Friday, March 1, 2013
A new Colombian government report concluded that all of the country’s glaciers would be gone by 2050.
According to the Institute of Hydrology, Meteorology and Environmental Studies, (IDEAM in Spanish) only six glaciers can be currently found in Colombia compared to seventeen in 1850. Over the past 163 years, the IDEAM believes that the glacial surface in Colombia has dropped by 84% and observed that glaciers have melted at a much faster rate of 3% to 5% over the past three decades.
IDEAM director Ricardo Lozano expressed his hope to the local press that the new report could serve as a “valuable resource for the creation of public policy related to climate change and the hanging high mountain ecosystems.” (All of the glaciers in Colombia lie higher than 5100 meters above sea level).
Colombia isn’t the only South American country where climate change seems to be accelerating the rate of melting in glaciers:
* Latin America: Will the Vatican agree with attendees at a recent Brazilian bishops' conference and elect a Pope from Latin America?
* U.S.: The sequestration cuts expected to go into effect today could hit Latin America’s economies hard and affect tourism into the region.
* Venezuela: A recent poll found that 57% of Venezuelans believe that President Hugo Chávez will recover and defeat the cancer hurting him.
* Guatemala: President Otto Perez Molina urged the U.S. government to grant Temporary Protected Status to about 700,000 undocumented Guatemalans.
Thursday, February 28, 2013
The government of is real is none too pleased at Argentine lawmakers who approved the creation of a truth commission with Iran to investigate the 1994 bombing of the AMIA Buenos Aires Jewish community center.
"Past experience shows that agreements with Iran don't change Tehran's positions and are not followed,” read a statement issued by the Israeli Foreign Ministry. “The same holds for the current agreement, which will not lead to bringing those responsible for the bombing to trial. We are disappointed with the decision," said the communiqué.
Argentine and Israeli officials have criticized each other over Argentina’s deal with Iran that was announced by Argentine President Cristina Kirchner on January 27th.
Representatives of Jewish groups in and outside of Argentina were also upset at the Argentine Congress including the slim majority of Chamber of Deputies members who on Thursday accepted the Memorandum of Understanding (MOU) with Iran.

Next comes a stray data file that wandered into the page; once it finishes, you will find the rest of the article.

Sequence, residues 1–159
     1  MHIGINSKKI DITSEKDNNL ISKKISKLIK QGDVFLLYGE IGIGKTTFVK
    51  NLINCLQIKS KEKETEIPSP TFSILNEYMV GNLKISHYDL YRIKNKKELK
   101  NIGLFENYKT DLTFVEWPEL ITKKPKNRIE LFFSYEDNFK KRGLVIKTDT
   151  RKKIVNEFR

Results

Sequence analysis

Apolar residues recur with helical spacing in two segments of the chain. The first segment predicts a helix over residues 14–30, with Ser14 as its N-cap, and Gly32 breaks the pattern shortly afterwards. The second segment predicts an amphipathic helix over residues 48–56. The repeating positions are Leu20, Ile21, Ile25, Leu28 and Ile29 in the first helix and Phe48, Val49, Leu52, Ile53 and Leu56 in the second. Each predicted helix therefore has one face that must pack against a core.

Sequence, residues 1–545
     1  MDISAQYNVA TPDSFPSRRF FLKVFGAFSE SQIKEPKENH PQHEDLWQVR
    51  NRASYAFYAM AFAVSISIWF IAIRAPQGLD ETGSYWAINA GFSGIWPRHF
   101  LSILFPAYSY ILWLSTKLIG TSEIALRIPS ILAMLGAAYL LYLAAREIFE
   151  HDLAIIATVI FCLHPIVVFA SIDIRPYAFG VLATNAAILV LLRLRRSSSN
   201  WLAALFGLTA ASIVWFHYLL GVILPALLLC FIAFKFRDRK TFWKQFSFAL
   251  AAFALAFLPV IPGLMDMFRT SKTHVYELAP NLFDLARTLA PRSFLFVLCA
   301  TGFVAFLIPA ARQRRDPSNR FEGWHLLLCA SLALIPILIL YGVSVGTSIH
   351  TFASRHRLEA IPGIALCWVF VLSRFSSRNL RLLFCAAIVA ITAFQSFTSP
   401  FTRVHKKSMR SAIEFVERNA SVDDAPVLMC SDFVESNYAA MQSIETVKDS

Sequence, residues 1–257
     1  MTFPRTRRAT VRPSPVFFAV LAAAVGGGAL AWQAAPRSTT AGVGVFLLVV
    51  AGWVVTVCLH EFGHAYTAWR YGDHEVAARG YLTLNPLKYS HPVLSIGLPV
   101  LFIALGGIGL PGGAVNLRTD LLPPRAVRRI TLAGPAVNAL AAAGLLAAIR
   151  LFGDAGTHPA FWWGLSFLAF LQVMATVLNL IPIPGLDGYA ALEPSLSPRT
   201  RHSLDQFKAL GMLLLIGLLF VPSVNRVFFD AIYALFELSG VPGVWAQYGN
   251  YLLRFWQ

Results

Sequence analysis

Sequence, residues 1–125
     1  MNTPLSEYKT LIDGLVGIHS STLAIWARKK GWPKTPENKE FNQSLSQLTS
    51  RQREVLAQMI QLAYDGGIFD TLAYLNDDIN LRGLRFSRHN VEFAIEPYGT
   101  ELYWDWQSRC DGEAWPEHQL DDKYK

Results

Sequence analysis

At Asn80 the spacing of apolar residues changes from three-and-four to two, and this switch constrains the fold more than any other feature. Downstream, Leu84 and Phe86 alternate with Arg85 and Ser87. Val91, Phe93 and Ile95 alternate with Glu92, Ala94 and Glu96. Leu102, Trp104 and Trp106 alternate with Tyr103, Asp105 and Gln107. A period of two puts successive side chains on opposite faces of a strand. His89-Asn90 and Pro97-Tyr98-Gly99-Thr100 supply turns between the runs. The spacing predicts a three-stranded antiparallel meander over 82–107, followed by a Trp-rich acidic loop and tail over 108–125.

“The idea of establishing a 'truth' commission on the AMIA tragedy that involves the Iranian regime would be like asking Nazi Germany to help establish the facts of Kristallnacht,” declared American Jewish Committee Executive Director David Harris.
"This is a memorandum that is not clear, that is not complete and that we feel doesn't bring any benefit to the cause,” said Julio Schlosser, president of the Jewish umbrella organization DAIA, before the vote took place.
The president of the AMIA Jewish Community Center, Guillermo Borger, threatened that he “will make a presentation to the Argentine Supreme Court seeking invalidation of the agreement.” (Argentina is home to Latin America's largest Jewish community.)
The Kirchner administration believe that the panel will help Argentine courts question eight Iranians suspected of masterminding and carrying out the attack that killed 85 people and wounded 300. The Iranian government has denied involvement in the bombing and there is a possibility that country’s parliament may reject the MOU:
Approximately thirty-four students have entered are protesting for a third day and have called for transparency regarding the health of President Hugo Chávez.
As seen in the video above, the demonstrators have put up tents and awnings near the offices of the administrative branch of the Venezuelan Supreme Court in Caracas. Some of them are allied to the “Operation Sovereignty” protest group that last week called for Chávez to “show his face” to the public.